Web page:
I know the initial reactions to most Craftsman tools from serious wood workers are typically 1) they are overpriced (at least when not on sale) and 2) they really aren’t that great in terms of quality. Most of the time I would agree with those sentiments, but when I buy Craftsman I typically look for closeouts, clearance, or door-buster deals. If you keep an eye out, you can typically find some good deals on Craftsman tools, making them quite reasonable. I will readily concede that the quality of Craftsman tools is not up to the level of some other brands, but many of the Craftsman Professional tools are more than sufficient for my non-professional needs, even if they do need a little tweaking from time to time.
With that in mind, I picked up a “Craftsman Professional 13 planer that had been a floor model for about 1/3 of its original price. Knowing it was a floor model, and that there was a greater chance of it having some problems, I got the service agreement for quite a reasonable price, and brought it home. After testing it out on some scrap 2X4’s, I realized that the planer wasn’t quite right (a situation I had sort of expected—thus the reason I got the service plan). I called up the service center, dropped the planer off at my local Sears, and was told to expect it back in about 3 weeks. Granted, this was a little sad since I was enthusiastic about prepping some stock for a project I had been saving some rough-cut lumber for, but I figured that for the price, I could wait.
Fast forward two weeks: I got a call from the service center saying the cutter head was off and that the base was warped, probably from being mis-handled in the store before I purchased it, and that the replacement cost would be cheaper than fixing it. The shop immediately issued a replacement order, and I was given a brand new planer as a replacement for the floor model I originally purchased.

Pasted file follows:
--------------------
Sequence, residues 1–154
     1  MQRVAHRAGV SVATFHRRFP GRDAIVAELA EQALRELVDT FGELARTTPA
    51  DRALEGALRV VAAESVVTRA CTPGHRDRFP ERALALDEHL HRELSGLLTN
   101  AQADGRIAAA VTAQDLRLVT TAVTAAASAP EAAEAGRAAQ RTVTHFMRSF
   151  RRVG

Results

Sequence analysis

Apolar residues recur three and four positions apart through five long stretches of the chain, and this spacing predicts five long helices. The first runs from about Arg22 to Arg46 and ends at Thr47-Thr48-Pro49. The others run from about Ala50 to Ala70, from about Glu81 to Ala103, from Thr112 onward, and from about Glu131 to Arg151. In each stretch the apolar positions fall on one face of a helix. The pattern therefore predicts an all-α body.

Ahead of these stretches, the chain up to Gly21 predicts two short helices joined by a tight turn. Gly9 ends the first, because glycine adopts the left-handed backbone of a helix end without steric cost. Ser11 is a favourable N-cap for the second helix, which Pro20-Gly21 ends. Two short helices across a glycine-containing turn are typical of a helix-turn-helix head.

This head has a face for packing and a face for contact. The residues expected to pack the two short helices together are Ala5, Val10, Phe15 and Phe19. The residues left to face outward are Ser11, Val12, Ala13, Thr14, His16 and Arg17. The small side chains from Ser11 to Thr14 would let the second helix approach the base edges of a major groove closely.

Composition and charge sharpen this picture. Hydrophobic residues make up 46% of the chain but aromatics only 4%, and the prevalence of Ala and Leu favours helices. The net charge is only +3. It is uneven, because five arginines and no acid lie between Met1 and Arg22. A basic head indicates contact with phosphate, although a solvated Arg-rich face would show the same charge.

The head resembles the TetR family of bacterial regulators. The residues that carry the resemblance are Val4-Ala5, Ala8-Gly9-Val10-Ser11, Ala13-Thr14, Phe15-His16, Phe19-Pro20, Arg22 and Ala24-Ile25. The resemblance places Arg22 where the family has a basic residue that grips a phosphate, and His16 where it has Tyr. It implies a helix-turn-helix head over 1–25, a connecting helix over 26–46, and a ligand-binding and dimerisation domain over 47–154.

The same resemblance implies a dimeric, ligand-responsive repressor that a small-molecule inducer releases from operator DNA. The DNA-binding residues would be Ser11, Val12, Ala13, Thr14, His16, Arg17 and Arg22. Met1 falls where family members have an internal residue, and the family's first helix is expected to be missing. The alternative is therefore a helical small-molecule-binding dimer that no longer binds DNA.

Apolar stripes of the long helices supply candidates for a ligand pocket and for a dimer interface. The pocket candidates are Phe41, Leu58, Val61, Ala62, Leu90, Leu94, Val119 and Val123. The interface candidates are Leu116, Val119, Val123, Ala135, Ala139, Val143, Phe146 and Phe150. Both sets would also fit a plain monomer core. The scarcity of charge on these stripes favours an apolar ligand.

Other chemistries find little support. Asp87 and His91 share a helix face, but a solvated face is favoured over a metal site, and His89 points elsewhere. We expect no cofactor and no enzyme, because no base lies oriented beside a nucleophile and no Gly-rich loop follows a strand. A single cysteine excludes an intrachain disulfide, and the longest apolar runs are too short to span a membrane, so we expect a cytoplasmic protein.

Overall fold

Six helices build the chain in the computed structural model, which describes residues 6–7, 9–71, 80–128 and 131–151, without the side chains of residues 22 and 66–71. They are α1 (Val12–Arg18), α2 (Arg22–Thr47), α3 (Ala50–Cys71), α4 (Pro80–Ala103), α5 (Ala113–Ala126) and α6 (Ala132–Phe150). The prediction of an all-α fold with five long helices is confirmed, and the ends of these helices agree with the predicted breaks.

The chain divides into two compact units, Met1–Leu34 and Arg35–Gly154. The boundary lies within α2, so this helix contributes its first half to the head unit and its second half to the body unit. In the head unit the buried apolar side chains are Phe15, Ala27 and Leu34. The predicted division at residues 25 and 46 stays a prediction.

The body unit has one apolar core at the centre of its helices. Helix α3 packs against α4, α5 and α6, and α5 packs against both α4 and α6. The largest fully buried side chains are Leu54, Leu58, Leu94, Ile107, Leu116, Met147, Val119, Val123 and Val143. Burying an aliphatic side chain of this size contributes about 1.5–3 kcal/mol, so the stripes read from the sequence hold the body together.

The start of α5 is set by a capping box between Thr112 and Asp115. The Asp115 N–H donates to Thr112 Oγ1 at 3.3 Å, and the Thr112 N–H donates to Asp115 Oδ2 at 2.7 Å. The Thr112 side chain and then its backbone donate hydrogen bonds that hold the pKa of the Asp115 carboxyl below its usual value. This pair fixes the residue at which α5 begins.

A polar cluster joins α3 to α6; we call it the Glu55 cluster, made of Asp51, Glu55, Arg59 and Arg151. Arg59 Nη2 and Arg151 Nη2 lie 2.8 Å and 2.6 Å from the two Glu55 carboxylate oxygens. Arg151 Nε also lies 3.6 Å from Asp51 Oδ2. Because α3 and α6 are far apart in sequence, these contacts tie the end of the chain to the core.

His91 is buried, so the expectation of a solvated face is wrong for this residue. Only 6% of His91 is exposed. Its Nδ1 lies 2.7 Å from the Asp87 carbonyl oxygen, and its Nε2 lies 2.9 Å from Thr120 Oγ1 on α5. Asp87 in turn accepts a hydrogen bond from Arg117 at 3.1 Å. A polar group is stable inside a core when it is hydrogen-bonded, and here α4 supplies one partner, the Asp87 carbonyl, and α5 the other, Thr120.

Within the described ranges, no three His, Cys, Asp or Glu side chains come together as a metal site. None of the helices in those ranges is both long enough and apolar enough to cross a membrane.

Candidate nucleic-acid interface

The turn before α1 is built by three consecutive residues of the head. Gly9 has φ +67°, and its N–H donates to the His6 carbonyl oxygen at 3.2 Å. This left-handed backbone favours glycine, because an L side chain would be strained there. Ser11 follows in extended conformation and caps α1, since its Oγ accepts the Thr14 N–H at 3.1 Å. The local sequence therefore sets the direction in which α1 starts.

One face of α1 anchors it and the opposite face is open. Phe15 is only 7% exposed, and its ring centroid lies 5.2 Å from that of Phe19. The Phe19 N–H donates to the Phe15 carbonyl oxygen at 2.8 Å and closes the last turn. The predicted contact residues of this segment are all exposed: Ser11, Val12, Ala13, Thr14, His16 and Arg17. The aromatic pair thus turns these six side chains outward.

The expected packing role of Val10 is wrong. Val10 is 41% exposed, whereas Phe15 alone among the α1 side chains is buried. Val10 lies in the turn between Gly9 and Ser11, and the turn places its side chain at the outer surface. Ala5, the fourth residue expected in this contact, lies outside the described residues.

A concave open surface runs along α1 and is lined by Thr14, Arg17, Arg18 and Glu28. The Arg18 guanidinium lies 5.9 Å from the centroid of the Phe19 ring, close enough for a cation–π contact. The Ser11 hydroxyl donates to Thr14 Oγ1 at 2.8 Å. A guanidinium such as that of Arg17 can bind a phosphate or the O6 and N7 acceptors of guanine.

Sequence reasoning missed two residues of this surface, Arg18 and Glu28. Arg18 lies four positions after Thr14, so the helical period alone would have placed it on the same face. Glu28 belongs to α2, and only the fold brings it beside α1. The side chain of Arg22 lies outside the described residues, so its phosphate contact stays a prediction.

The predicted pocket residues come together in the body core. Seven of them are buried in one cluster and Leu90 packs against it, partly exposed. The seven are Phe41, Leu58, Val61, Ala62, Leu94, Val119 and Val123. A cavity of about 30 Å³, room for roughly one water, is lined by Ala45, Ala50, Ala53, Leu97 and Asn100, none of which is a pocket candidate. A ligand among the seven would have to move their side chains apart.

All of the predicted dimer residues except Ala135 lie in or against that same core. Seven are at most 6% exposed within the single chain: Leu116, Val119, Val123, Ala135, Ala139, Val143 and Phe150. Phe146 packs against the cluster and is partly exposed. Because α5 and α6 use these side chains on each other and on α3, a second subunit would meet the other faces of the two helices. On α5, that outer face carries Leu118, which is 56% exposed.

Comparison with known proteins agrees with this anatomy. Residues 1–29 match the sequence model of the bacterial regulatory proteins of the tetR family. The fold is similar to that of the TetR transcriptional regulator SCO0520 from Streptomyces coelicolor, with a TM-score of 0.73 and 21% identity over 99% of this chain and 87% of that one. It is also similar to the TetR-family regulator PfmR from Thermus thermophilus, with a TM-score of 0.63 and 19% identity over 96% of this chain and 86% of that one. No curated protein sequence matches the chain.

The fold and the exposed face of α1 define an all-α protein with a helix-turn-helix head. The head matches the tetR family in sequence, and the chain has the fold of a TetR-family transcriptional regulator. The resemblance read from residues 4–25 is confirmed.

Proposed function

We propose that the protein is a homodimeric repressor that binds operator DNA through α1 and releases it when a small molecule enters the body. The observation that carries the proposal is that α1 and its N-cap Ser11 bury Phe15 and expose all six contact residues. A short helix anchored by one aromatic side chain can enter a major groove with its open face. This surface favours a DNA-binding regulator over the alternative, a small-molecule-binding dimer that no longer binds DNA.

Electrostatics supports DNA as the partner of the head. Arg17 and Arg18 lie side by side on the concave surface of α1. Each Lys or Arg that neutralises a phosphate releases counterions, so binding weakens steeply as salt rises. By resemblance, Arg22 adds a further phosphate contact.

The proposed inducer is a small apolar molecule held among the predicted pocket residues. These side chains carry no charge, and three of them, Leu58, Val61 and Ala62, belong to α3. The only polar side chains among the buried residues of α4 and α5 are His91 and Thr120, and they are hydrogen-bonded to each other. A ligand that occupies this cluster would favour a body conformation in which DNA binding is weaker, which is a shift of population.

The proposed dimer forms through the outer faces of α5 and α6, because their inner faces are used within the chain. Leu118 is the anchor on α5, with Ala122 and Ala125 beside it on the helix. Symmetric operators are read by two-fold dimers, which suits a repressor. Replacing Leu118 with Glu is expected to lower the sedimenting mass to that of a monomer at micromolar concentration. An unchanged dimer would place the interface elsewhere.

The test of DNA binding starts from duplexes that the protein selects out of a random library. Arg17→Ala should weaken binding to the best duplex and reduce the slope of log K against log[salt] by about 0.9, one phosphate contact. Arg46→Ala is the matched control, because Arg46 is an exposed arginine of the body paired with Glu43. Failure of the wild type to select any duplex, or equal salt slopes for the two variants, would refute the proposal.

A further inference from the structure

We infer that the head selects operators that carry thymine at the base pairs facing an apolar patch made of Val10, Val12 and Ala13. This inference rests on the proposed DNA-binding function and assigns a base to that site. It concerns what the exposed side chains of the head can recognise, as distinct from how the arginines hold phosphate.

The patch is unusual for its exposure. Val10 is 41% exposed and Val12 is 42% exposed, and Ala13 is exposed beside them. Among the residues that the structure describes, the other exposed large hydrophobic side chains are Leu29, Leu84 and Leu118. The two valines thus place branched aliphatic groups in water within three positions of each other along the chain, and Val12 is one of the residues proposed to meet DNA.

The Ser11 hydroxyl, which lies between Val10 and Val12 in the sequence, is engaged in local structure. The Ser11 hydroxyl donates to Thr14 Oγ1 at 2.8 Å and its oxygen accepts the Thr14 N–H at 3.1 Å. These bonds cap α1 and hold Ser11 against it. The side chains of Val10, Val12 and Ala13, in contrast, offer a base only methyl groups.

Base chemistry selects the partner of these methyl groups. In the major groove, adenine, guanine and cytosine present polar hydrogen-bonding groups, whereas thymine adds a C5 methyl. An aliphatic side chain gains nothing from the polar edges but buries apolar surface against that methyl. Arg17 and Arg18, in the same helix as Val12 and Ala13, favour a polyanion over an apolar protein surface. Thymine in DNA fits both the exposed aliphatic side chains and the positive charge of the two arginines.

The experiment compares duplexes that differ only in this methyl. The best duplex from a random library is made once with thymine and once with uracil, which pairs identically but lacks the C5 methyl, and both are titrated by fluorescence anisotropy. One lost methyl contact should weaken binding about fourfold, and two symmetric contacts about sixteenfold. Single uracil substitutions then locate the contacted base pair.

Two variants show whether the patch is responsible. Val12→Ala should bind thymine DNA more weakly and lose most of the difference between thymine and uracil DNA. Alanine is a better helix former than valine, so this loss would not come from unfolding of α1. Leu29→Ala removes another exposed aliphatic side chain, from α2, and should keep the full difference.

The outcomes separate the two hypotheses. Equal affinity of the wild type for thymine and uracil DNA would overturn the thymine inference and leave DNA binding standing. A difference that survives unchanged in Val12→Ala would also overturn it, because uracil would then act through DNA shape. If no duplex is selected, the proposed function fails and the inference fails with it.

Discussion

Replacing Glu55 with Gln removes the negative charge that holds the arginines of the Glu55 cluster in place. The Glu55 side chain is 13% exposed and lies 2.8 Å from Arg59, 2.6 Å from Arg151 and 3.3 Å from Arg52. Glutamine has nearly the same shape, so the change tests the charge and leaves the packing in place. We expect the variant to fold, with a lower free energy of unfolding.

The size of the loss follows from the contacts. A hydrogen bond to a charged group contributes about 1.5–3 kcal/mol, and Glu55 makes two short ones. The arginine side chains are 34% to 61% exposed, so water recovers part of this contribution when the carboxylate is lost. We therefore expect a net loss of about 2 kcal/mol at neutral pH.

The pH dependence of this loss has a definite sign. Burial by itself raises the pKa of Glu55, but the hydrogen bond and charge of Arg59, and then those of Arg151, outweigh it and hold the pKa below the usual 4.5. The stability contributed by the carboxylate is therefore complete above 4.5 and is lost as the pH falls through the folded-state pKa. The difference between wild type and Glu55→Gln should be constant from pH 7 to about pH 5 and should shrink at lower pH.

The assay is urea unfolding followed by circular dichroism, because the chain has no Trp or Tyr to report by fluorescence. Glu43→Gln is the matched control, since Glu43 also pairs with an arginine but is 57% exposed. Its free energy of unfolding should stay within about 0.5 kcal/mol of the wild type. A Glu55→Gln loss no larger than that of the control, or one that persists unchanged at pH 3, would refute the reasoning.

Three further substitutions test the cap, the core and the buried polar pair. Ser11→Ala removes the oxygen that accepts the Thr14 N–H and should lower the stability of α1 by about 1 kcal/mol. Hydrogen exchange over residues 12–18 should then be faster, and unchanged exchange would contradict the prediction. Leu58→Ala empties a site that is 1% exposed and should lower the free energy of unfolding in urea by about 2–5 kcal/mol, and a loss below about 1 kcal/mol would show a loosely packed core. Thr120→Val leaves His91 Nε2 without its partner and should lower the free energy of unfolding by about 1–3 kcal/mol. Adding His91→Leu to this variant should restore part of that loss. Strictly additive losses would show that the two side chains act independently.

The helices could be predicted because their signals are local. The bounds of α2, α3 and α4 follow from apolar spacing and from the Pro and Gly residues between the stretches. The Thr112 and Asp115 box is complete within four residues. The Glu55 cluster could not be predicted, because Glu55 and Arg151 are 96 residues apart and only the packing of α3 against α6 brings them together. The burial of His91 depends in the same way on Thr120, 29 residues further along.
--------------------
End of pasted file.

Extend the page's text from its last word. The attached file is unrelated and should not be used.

WOW! What a great follow-through with customer service! Since then, the planer has been working just fine, and I have been more than happy with its performance.
Last night I was cleaning up some pallet boards that I have been planning to use in boxes for Christmas presents (some nice walnut and cherry—I really lucked out with that haul), and I noticed that mid-way through planing, some boards started coming out with a crown. That was odd, but I hadn’t replaced the blades in a while, so I thought the blades just weren’t cutting right (plus, I had noticed a bit of tear out, so I figured it was time to bite the $30 bullet (which is quite a decent price IMHO) and drop a new set of blades in. When I pulled the blades, I noticed the gibs were slightly warped, which seemed to be the real cause of the uneven planer performance.
Today I called the service center asking about buying some replacement gibs. They are only about $9 each, so I figured it wouldn’t be too expensive of a fix, but I figured that I had paid for the service plan (that had already paid for itself!), so it wouldn’t hurt to ask if the gibs were covered under my warranty. After pulling up my service contract, the Sears representative said that they were, and that she would be happy to replace them for free. The representative then asked if there were any other problems with the planer, and I mentioned that the warping of the gibs caused some uneven wear on the blades. She immediately said they would be happy to replace the blades as well since the failure of the warrantied part resulted in damage to the blades.
The gibs and the blades would have cost more than I paid for the service contract, not even counting the initial replacement planer that it already got me. Couple that with the fact that it includes a yearly tune up and blade sharpening (in this case replacement) for the life of the service contract, it has turned out to be quite a deal. After I get Christmas presents done, I am planning on dropping the planer in for its one year service to get a new set of blades, a good cleaning, lubrication, and alignment of everything. Granted I could do all of that myself, but I will have a nice chunk of shop down-time, so why not let someone else do it?
I have heard more than a few horror stories about customer service from tool companies lately, so I figured it would be good to share a positive story. I know Craftsman may not be the pinnacle of quality, but from my experience with their customer service, they have tried to follow through to make sure that the tools I have bought from them continue to work right. Customer service matters, and my positive experiences with Sears will keep me buying Craftsman tools if the price is right and it fits my needs.
As a final note, this is the ONLY major problem I have ever had with any of my Craftsman tools, so hopefully that streak will continue in the future.
-- David from Indiana --